How often do nurses to negotiate their salaries? Not often enough, according to our recent salary survey.
In our survey 43% of male nurse respondents revealed they negotiate their salaries “most of the time or always” while only 34% of female nurse respondents answered this way.
Not negotiating salary with prospective and current employers is likely a major contributing factor in the huge pay gap that exists between male and female registered nurses, according to some experts.
A recent report published by the American Association of University Women called the Simple Truth about the Wage Gap, uncovered a $12.5 billion annual pay gap between the genders in nursing – with male RNs earning an average salary of $71,590 and female RNs having an average salary of $65,612.
That gender wage gap is at about $6,000 per year, which is similar to the findings in our nursing salary survey report.
These numbers reveal nursing is one of the professions with the highest pay gap between the genders.
Salary negotiations are not as commonly practiced as you would expect, whether it’s nursing or other professions.
“Nurses are not more likely than the general public to negotiate their pay,” said Jennifer Mensik, PhD, RN, FAAN, a consultant for Nurse.com who helped develop questions for the salary survey, analyzed the data and authored the research report.
Mensik cited data published by Glassdoor in May 2016 in which 68% of women and 52% of men said they accepted the salary they were initially offered and did not pursue any salary negotiations after that point.
Salary negotiations can have an impact resulting in higher pay
“We know from the research that negotiating one’s salary can improve the final salary over the original offer approximately 10% of the time,” Mensik said. “If a nurse is in a unionized organization, the salary ranges may be more stringent. However, there may be still be some room for negotiations.”
The goal of attaining equitable pay for women in nursing and other professions is viewed as achievable by tackling the issue using a three-pronged approach, said Kimberly Churches, chief operating officer of the American Association of University Women in Washington.
The three areas of focus to close the wage gap are to:
- Work with legislators to enact the right laws, such as the Paycheck Fairness Act and to update the version of the Equal Pay Act of 1963
- Engage directly with employers to have a positive impact on policies and practices that affect pay equity
- Teach women how to negotiate
Churches said the onus is not entirely on women to fix the problem and resolve the pay gap issue; however, teaching women the art and skill of negotiation is an essential piece of the puzzle and can have a tremendous impact on turning the tide.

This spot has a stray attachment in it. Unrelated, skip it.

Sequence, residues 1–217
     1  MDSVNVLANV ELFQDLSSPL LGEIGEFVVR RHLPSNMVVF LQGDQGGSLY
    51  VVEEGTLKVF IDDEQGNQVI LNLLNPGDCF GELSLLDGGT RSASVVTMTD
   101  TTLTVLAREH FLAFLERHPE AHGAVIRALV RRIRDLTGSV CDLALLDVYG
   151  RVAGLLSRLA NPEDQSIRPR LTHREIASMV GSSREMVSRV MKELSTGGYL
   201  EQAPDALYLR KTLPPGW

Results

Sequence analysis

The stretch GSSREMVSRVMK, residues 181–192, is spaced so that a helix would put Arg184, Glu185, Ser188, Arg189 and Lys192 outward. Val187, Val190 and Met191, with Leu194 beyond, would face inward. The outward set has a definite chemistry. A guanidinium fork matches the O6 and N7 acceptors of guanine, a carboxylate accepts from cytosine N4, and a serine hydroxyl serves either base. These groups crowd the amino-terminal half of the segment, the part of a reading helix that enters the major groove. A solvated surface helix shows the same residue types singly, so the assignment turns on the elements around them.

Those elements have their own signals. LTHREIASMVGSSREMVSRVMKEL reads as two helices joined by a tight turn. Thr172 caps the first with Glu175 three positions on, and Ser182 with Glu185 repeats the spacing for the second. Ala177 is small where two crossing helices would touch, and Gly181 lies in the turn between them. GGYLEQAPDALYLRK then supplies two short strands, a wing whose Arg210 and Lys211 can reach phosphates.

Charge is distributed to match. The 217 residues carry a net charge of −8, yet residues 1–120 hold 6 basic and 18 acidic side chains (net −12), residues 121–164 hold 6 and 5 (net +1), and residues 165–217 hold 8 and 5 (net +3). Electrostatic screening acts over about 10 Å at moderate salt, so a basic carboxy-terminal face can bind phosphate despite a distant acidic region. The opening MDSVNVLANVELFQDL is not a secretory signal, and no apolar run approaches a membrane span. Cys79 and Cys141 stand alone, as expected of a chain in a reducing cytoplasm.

The American Association of University Women is committed to helping women learn how to negotiate, so much so that they’re offering a free online salary negotiation course called Work Smart Online on their website, along with offering free in-person workshops at various locations throughout the U.S.
“Our goal is to train 10 million women on how to negotiate their salary. We want to thoroughly close the wage gap by 2030,” she said.
Don’t be shy — take the plunge and negotiate
Salary negotiations are an expected part of the hiring process and a practice that nurses need not fear, said Keith Carlson, BSN, RN, NC-BC, a career coach for nurses, nurse podcaster, freelance writer, blogger and keynote speaker located in Santa Fe, N.M.
“I encourage my clients to negotiate as many times it can be fruitful, depending on the organization,” he said.
A nurse needs to do their homework first, prior to stepping into the world of negotiations said Jeremy Tolley, a member of the talent acquisition panel at the Society for Human Resource Management in Alexandria, Va., and the chief people officer at CareHere LLC in Brentwood, Tenn., which provides employer-sponsored healthcare in more than 200 health and wellness centers in 26 states.
“Knowing what the market is paying is essential,” Trolley said. “This includes conducting online research from multiple sources regarding what the nursing salaries are in the geographic location you plan on working in, what the salary range is for the position and organization you’re trying to get hired with, while also considering what’s being paid for your specialty, level of education and the certifications you hold.”
Illustrating your worth should be evident on your resume, as well as verbally discussed when meeting face-to-face during interviews, Carlson said.
“It’s important to identify your value and what you bring to an organization, then tell the story of why you’re worth more money,” he said.
Carlson said it helps when you can quantify your value to paint a picture of your accomplishments for prospective employers.
For example, make sure they know if you worked as a charge nurse and there was a decrease in the number of catheter-associated urinary tract infections on your unit, he said.
Tolley said it’s also wise to use these same strategies once you’re in an organization, such as when meeting with your manager during your annual review.
“Managers may forget your accomplishments, so you’ll want to remind them,” he said. “Make the case for yourself and highlight your value. This can have a positive impact on your annual raise.”
Tolley also suggested tout your achievements if you’ve somehow improved the patient experience.
“Discuss any complimentary letters received from patients or positive patient survey results regarding your care,” he said. “You’ll want to bring these up with your manager to help add leverage to your salary negotiations and any additional benefits you’re trying to gain such as educational assistance.”
In addition to knowing your market value, Tolley said in the end it’s about having the confidence and courage to assertively, yet professionally, advocate for yourself.